To me, these three little words have a magical ring. Indeed, a sparkle. Snap, crackle and POP!
Our “Fourth” was always spent with Grandmother Sylvia in Abilene, Texas (or wherever she lived at the time). The drive up to Abilene (or Dumas, Dalhart, Amarillo and other parts north) was long — around 12-14 hours in those days. Backroads across Texas. My mother would have our little car (I remember a green Studebaker) packed, and we’d pick up my father at his jewelry shop around 5 o’clock in the evening on Friday of the holiday weekend. My brother and I would be in the back seat, squabbling over who controlled the most territory with books and feet and such. My parents in the front; my mother smoking her incescent cigarettes.
We’d make it to Austin where my father stopped at the Toddle House for one of his favorite dinners — steak and eggs. The cafe was on 19th street, just a block off Guadalupe (The Drag) and only a short few blocks were I would be “born” at the University of Texas just a few years later. It was a mile-marker on the trip, because after dinner, my mother would get in the back seat and I would be in the front with my father for the rest of our long journey. Ten+ hours of having my father all to myself, while the rest of the family slept in the back seat.
Up the road we’d go to Lampasas, then on to Goldwaithe. At the hillside intersection where signs first pointed us to Goldwaithe, my father and I would always have a serious discussion about how to pronounce that name, declaring ourselves grateful that we lived in Victoria.
Brownwood would be next, and it was large enough to have an all-night cafe for my father to get coffee. A cup for the road (and maybe a piece of pie), so we could keep going. I now know, looking back, how much he loved his mother and how very anxious he was to have as much time with her as possible on these short trips.
My father loved to sing. It was my job on these trips to chatter to him, helping him stay away. Perhaps this is when I learned to talk to “anything not painted”. And I had charge of the radio! Stations would fade in and out as we crossed the great dark plains of Texas. So, I constantly fiddled with the knobs to tune in stations with good music. Sometimes an old song will bring one of our trips out of the mist — and I am with my father in that old Studebaker, heading to my beloved grandmother’s home.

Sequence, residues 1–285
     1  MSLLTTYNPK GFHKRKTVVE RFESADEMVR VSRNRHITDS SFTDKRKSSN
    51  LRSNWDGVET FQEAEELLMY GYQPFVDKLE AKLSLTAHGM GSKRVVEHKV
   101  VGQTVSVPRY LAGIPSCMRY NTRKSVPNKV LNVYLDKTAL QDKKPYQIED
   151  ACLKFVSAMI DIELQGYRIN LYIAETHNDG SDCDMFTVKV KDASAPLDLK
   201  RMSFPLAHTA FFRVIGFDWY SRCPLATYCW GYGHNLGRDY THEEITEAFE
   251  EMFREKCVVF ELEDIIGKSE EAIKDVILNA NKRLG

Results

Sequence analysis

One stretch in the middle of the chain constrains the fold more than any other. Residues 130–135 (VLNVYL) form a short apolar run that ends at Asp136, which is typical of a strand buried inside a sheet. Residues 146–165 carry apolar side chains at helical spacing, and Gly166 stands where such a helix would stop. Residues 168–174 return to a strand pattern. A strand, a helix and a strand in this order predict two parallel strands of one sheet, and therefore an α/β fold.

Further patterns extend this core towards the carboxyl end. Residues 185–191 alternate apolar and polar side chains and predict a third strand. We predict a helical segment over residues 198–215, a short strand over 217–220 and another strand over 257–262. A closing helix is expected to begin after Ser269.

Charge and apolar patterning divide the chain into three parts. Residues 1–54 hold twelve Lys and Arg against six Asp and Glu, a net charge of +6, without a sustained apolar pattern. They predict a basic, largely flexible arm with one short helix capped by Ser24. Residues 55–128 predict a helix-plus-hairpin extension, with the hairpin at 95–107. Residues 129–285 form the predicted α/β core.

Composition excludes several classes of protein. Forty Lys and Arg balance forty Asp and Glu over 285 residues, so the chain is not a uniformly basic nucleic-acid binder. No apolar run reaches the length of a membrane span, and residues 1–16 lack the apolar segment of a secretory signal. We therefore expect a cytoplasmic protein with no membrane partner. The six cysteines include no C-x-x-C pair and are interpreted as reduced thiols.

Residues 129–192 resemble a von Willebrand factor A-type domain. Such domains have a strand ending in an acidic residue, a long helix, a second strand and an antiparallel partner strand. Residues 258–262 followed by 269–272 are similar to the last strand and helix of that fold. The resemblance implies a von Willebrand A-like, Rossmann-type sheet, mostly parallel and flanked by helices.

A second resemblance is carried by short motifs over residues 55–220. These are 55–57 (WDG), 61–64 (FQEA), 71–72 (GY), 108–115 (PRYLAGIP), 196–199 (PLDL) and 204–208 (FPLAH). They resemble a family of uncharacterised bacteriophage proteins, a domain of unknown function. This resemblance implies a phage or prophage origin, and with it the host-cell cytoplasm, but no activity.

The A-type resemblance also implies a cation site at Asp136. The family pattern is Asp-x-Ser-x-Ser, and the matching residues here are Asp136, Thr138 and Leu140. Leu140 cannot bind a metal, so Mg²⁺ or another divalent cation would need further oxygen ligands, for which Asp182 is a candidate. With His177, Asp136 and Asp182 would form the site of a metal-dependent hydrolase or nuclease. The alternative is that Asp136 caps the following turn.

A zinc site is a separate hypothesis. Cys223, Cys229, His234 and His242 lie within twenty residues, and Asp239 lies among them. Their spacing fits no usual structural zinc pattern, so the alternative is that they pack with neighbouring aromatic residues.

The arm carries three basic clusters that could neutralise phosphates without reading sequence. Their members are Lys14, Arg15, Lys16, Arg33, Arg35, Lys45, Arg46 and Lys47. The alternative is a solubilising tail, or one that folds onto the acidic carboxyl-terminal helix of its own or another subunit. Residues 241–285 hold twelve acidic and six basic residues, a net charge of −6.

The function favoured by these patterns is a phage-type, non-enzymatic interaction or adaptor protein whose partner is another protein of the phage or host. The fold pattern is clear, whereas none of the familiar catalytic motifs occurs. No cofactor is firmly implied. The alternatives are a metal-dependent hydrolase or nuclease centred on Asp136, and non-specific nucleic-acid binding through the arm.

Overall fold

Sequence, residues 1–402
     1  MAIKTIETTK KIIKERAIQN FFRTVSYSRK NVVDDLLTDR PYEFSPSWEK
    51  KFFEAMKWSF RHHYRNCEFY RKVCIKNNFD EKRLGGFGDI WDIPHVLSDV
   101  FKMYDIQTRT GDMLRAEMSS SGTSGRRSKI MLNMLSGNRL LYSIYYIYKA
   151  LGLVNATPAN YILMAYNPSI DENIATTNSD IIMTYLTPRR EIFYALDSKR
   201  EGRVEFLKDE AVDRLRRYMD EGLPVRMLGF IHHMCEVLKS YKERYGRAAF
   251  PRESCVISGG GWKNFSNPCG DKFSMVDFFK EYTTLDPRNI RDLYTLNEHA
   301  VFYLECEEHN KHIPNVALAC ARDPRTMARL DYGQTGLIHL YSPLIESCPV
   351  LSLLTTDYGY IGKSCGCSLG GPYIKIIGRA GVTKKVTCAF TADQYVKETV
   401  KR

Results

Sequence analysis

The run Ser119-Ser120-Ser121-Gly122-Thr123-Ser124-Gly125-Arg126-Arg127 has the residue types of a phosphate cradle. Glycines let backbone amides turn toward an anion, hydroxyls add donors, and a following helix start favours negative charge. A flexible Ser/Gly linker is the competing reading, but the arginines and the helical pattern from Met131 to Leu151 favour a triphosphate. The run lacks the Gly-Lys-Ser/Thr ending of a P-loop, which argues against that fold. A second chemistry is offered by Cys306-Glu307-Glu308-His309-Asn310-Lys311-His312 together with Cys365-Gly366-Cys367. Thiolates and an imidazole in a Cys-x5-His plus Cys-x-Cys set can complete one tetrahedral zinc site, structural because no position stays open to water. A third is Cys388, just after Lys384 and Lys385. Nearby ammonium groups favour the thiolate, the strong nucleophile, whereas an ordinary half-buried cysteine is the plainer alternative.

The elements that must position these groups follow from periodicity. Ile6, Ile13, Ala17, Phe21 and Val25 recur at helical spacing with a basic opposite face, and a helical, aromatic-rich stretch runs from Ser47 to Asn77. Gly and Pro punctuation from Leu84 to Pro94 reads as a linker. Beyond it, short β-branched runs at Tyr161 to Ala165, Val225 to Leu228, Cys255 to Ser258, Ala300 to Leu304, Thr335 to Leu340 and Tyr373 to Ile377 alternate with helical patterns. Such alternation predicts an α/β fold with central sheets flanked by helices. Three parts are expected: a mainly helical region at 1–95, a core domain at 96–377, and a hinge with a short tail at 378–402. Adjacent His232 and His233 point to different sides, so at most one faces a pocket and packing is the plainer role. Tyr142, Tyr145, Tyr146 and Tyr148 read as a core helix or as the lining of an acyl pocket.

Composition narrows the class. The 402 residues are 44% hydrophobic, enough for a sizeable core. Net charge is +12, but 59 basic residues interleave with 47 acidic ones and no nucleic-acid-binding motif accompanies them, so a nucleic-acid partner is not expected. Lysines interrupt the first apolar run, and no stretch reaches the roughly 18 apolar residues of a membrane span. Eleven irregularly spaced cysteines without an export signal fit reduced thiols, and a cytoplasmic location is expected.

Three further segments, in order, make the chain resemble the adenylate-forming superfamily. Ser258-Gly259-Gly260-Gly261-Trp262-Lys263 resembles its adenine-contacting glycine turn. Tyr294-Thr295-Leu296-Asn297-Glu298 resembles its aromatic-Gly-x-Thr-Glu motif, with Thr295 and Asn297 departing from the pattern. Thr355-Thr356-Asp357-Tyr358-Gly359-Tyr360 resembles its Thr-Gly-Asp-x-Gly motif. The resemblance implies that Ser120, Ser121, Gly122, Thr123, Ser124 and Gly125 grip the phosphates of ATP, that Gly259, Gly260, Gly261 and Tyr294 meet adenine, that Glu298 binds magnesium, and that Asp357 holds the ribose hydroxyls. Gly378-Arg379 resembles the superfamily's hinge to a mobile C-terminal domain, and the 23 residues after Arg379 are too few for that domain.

From Brownwood to Rising Star. There we would turn west to Cross Plains, and on to Abilene. It would be almost dawn when we arrived. And my grandmother was always up waiting for us. Her tiny little home was shining with happy light as we rounded the corner and drove up the alley way to park. It smelled like fresh baked cookies and bowls of flowers from her garden. Little tins of the cookies were beside our beds, along with tiny leaded crystal glasses of cold lemonade.
Everyone went to bed, but only for a couple of hours. Soon, my grand-dad would be stumping around in the kitchen for his breakfast, and then whorling down the alley in his old El Camino to visit his eternal wells. And the house would stir, coffee would be brewed. My father and grandmother would sit at the little kitchen table softly talking, laughing. There was so much love between them; it could be felt by just being in their presence.
The holiday would be full of food and fun. Baked glazed hams, platters of fried chicken (the kind that had gizzards in the mix), huge crocks of potato salad, fresh tomatoes just out of the garden, jars of sauerkraut salad, cheese bread, homemade carrot pickles, and more. The table would groan with the pleasure of it.
In the afternoon before firecracker time, we’d have homemade banana nut ice cream. And my grandmother’s famous 6-layer coconut cake. (Kin in New Mexico gave me my grandmother’s glass cake pedestal long after she died!)
Sometimes we’d go to a concert in the park, where the local musicians would be playing rousing patriotic tunes like “I’m a Yankee Doodle Dandy” and “You’re a Grand Old Flag”, along with John Phillip Sousa marches. We’d always have those little flags to wave! My father was terribly patriotic. He was so respectful of our flag. When I see the closing scene in the Yankee Doodle Dandy movie, where Jimmy Cagney steps out into the parade to march beside the soldiers, I always think of my father as a young soldier. (Folks said my dad looked like Caglney
After dark, folks would set their lawn chairs up along the sidewalks near a major neighborhood intersection. The dads and little boys would bring out the firecrackers and have quite a time setting them off for our squeals of glee. Us girls would enjoy “wanding” around with some lovely sparklers. And the evening would wind down with neighbors just chatting together, and kids chasing the occasional firefly.
Too soon, it would be time to drive home to Victoria. My grandmother would send a box of mincemeat cookies with us for the trip. Coffee, cookies and the radio would give my father the energy for the long drive back.